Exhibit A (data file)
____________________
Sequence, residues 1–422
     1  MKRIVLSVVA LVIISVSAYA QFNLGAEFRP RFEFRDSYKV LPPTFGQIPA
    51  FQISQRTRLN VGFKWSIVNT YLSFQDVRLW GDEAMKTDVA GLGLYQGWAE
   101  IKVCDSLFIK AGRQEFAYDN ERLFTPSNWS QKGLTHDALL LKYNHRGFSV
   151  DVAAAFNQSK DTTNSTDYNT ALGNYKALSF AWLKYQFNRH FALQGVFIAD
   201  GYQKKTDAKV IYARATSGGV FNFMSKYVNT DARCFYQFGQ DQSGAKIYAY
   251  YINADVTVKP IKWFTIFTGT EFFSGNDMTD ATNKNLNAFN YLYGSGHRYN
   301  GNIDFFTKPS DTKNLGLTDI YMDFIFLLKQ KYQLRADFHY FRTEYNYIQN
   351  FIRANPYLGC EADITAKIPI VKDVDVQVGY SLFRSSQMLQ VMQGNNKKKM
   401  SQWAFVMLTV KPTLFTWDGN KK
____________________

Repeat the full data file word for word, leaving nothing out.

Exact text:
Sequence, residues 1–422
     1  MKRIVLSVVA LVIISVSAYA QFNLGAEFRP RFEFRDSYKV LPPTFGQIPA
    51  FQISQRTRLN VGFKWSIVNT YLSFQDVRLW GDEAMKTDVA GLGLYQGWAE
   101  IKVCDSLFIK AGRQEFAYDN ERLFTPSNWS QKGLTHDALL LKYNHRGFSV
   151  DVAAAFNQSK DTTNSTDYNT ALGNYKALSF AWLKYQFNRH FALQGVFIAD
   201  GYQKKTDAKV IYARATSGGV FNFMSKYVNT DARCFYQFGQ DQSGAKIYAY
   251  YINADVTVKP IKWFTIFTGT EFFSGNDMTD ATNKNLNAFN YLYGSGHRYN
   301  GNIDFFTKPS DTKNLGLTDI YMDFIFLLKQ KYQLRADFHY FRTEYNYIQN
   351  FIRANPYLGC EADITAKIPI VKDVDVQVGY SLFRSSQMLQ VMQGNNKKKM
   401  SQWAFVMLTV KPTLFTWDGN KK